Showing posts with label ads. Show all posts
Showing posts with label ads. Show all posts

Monday, August 8, 2016

Chaplin in ads for Wolf & Bean suits

The following ads appeared in the Los Angeles Times in 1916. According to the first ad, Chaplin wore a Wolf & Bean dress suit "throughout the entire two reels" of One A.M., which premiered 100 years ago this week (August 7th). The second ad shows "the world's greatest comedian" as readers have perhaps never seen him--in Full Dress. Says Mr. Chaplin: "I appreciate the fact that my Formal Attire is correct in every detail."


Monday, July 25, 2016

Charlie's blindfold cigarette test

This photo shoot was used to advertise Old Gold cigarettes in Judge magazine in 1928.


In the background of the above photos (L-R): Carlyle Robinson (Chaplin's press agent), Harry Crocker, and Henry Bergman.

According to the ad below: "Chaplin was asked to smoke each of the four leading brands, clearing his taste with coffee between smokes. Only one question was asked:  'Which one do you like best?' He chose Old Gold." Sez Charlie: "It was like shooting a scene successfully after a whole series of failures. It just 'clicked' and I named it as my choice. It was Old Gold...It seems Strongheart and Rin-tin-tin are the only motion picture actor stars who don’t smoke them.”

"Not a cough in a carload"

Monday, December 10, 2012

Charlie searches for a leading lady

source

After several months of auditions, Charlie finally settled on Claire Bloom, a British stage actress who was suggested to him by his friend, playwright Arthur Laurents.

Sunday, October 28, 2012

Ad for Dough & Dynamite, 1914

Moving Picture World, October 24th, 1914
 “A Screaming Comedy featuring the imitable Chas. Chaplin”

At this time in Chaplin's career, magazines and newspapers generally referred to him as “Charles” or “Chas”, rather than "Charlie".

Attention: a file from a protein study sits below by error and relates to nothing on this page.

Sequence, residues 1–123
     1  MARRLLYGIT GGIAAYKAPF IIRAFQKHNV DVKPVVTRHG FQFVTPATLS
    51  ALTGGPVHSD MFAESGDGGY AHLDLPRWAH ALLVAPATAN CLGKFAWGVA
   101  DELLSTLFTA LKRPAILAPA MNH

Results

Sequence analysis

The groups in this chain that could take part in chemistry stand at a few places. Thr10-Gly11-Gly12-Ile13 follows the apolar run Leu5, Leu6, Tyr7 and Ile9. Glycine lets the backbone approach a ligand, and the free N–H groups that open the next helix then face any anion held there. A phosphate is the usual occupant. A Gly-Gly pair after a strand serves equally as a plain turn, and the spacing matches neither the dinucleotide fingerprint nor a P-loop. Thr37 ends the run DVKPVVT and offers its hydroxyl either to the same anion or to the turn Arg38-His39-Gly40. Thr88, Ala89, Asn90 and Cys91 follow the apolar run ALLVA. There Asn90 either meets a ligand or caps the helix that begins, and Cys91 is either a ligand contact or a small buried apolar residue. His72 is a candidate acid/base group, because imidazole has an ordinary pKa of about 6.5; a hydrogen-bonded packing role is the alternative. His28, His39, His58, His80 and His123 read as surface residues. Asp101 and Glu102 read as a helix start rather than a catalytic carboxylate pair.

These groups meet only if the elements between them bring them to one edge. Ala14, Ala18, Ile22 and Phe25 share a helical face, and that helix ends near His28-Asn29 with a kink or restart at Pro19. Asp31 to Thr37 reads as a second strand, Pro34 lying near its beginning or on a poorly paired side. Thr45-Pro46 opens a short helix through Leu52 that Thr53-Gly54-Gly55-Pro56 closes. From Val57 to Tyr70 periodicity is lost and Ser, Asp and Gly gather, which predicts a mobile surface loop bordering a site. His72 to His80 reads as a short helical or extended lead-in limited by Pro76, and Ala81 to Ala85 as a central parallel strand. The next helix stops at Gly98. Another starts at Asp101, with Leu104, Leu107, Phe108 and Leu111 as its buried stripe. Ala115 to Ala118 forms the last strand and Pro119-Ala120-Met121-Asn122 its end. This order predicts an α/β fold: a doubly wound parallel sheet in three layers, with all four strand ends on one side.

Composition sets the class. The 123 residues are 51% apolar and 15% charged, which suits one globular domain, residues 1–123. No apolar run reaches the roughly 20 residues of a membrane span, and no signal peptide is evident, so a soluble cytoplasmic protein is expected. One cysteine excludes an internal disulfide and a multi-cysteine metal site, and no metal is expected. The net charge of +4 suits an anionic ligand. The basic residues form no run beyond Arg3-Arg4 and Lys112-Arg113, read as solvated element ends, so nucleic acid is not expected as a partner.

Thursday, September 27, 2012

Monday, September 10, 2012

Ad for BURLESQUE ON CARMEN, 1917

Originally intended as a two-reel comedy, Essanay padded Carmen to four reels after Chaplin left the company. This new version upset Charlie so much that it sent him to bed for two days. He sued Essanay on the grounds that the new film would damage his reputation, but eventually lost the case. He later wrote that Essanay’s dishonest act “rendered a service, for thereafter I had it stipulated in every contract that there should be no mutilating, extending or interfering with my finished work.”

Wednesday, August 29, 2012

Ad for the Mutual-Chaplin Specials, 1917


Chaplin called his time at Mutual "the happiest period of my career. I was light and unencumbered, twenty-seven years old, with fabulous prospects and a friendly, glamorous world before me.”

I adore the Mutuals. If only Charlie had lived long enough to add his own music to these 12 little gems...

Thursday, August 23, 2012

Ad for "Police", 1916

Charlie Chaplin himself says: "It's a scream!"

Charlie did scream, but not in a good way, when Essanay altered the film following his departure from the studio removing a doss house sequence that appears two years later in Triple Trouble